In “Sketches of Ethiopia” Astatke has created an album that comes close to matching both solo work from the late 60’s and early 70’s and the “Inspiration Information” album that are regarded as his best work. A little more time with the album will no doubt confirm if it equals these past achievements and reveal yet more detail of this meticulous yet effortless artist. Highly recommed to existing Astatke fans and fans of East African music.   

February continued where January left off only upping the ante of quality releases.

Hot Chip proved yet again to be masters of studio and stage when they delivered their new album ‘One Life Stand’, which has been rightly hailed as their most consistent effort to date and features too many catchy tunes to count. Watching them perform at Leeds Academy I could see they had continued to exponentially improve their already impressive live shows. Hot Chip demonstrated they have gained the confidence to exhibit, without arrogance, a combination of songcraft, dynamics, performance and adaptation that hit the highest levels possible.

I also invested in a Rough Trade exclusive version of the Lindstrom and Christabelle album ‘Real Life is No Cool’, as mentioned in January’s post, and was delighted with the package that also included a second disc of six remixes and a third featuring Lindstrom’s (slightly over long and repetitive) version of the carol ‘Little Drummer Boy’. These New Puritans’ album is another essential purchase and has forced me to reassess this band and I will be revisiting their debut ‘Beat Pyramid’ on Spotify soon. I continued my spending spree on new music with Zombie Zombie member Etienne Jaumet’s album ‘Night Music’, which is a brilliant distillation of techno, krautrock and horror film music that spooks and thrills in equal measure.

I also caught up with couple of release from last year. The first being Mos Def’s ‘The Ecstatic’ which deserved a place on my ‘albums of 2009’ list. Though, like all of his albums, it has a New York feel, the key difference here is that it traverses from Bollywood to Nigeria and finds Mos eschewing his wordy rapping and long tangents for short, sharp bursts of sound. The second of these releases was ‘Inspiration Information Vol.3’ by Mulatu Astatke and The Heliocentrics, a combination of Astatke’s own genre Ethio-jazz (a fusion of jazz and traditional Ethiopian melodies and harmonies) and The Heliocentric’s blaxploitation style of funk. This is must for fans of African music, The Herbaliser and The Cinematic Orchestra. Astatke’s new album ‘Mulatu Steps Ahead’ is out on 29th March and features The Heliocentrics as guests. The quality present on ‘Inspiration Information Vol.3’ is at such high level, it’s another big recommendation.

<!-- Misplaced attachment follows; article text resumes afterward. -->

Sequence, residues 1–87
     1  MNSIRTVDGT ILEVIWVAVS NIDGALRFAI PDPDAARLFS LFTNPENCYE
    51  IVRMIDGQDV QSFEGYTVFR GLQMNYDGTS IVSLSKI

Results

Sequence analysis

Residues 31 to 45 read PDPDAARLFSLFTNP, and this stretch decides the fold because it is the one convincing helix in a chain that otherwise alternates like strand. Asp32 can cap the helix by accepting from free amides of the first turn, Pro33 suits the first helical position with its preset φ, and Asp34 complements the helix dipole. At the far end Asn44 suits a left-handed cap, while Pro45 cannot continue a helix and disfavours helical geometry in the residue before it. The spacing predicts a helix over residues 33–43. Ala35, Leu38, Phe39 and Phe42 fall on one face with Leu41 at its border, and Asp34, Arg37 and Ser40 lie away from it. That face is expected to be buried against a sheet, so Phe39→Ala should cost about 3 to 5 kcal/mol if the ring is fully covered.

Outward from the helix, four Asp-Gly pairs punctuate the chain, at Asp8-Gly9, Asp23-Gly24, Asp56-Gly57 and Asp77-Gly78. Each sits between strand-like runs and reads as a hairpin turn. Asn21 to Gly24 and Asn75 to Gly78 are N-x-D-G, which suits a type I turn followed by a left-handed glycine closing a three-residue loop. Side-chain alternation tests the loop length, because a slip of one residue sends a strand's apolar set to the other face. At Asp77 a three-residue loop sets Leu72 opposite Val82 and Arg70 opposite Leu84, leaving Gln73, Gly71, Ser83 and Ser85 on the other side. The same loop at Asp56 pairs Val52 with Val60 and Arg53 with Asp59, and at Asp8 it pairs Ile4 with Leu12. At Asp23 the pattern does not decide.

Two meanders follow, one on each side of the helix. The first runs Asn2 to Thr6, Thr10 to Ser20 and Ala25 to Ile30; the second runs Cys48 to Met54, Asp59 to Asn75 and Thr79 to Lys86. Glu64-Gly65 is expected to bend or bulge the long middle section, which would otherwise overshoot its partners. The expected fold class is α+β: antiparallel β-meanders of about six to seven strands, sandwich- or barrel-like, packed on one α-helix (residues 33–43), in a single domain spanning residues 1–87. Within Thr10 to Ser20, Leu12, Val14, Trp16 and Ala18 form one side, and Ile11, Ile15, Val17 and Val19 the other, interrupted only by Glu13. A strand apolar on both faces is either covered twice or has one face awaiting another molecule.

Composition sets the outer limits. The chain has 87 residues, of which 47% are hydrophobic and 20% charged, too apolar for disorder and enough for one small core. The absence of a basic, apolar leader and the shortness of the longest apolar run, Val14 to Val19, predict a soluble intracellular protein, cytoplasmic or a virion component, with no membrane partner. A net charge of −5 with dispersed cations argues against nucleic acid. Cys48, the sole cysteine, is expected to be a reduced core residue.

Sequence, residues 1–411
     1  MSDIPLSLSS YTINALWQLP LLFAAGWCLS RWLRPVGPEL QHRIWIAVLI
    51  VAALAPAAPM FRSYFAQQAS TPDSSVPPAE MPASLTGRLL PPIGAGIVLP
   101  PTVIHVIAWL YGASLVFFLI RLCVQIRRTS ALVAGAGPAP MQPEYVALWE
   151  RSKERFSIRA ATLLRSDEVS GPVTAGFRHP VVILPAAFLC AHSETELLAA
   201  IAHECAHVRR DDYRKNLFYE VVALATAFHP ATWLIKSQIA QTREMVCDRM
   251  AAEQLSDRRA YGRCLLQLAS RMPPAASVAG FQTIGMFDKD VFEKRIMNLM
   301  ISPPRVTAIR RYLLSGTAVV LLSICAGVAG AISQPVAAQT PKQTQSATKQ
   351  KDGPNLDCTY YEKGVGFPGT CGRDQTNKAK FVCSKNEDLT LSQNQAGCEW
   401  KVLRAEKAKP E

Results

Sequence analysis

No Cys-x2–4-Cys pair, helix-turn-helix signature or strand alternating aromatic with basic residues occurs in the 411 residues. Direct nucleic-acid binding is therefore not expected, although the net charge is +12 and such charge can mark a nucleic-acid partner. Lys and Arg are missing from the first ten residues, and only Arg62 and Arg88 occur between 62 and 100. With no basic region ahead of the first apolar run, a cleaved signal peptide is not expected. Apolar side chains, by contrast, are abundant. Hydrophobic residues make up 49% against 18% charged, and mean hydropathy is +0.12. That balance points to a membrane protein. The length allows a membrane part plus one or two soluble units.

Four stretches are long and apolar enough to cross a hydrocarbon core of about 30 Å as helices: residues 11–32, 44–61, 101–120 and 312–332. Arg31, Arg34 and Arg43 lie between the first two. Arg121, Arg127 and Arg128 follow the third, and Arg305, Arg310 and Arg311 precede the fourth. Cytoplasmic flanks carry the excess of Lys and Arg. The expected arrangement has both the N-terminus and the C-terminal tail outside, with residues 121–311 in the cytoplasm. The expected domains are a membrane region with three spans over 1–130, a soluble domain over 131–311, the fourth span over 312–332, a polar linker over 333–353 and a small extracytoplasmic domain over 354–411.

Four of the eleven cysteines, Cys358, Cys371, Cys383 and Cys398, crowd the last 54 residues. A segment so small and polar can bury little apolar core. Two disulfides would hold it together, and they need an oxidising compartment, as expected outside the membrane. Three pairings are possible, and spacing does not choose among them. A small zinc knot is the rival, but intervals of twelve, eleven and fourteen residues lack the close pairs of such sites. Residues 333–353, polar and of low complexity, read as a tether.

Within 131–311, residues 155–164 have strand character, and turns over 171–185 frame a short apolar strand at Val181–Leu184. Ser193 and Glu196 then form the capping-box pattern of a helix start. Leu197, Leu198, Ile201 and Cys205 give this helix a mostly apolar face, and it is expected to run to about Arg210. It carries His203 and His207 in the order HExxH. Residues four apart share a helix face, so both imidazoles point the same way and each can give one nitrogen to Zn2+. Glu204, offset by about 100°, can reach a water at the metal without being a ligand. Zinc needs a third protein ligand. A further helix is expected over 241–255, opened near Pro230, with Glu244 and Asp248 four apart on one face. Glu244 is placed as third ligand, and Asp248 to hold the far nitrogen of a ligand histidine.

Finally I rounded off the month with a couple of classic krautrock reissues in the form of Can’s ‘Tago Mago’, an incredible double album that veers from taut funk inspired rock to paranoid synths scapes over its duration. The other was ‘Pheadra’ by Tangerine Dream. An album that many credit as a major inspiration for ambient music and modern dance music producers including Lindstrom and Prins Thomas.

This months Spotify playlist:

February 2010 playlist

February 2010 playlist

To check out in March:

Errors – ‘Come Down with Me’ 1st March

Tuung – ‘And then we saw Land’  1st March

Gonjasufi – ‘A Sufi and a Killer’ 8th March

Gorillaz – ‘Plastic Beach’ 8thMarch

Liars – ‘Sisterworld’ 8th March

The Knife – ‘Tomorrow, In A Year’ 8th March

Madlib – ‘Medicine Show Vol.3: Beat Konducta in Africa’ 22nd March

Erykah Badu – New Amerykah Part Two: Return of the Ankh 29th March

Mulatu Astatke – ‘Mulatu Steps Ahead’ 29th March

Method Man/Ghostface/Raekwaon – ‘Wu Massacre’ 29th March.

Also plenty of posts to look forward to on this blog. I’ll be covering hip-hop culture, non-musicians and a new regular feature re-evaluating classic and cult albums of the past.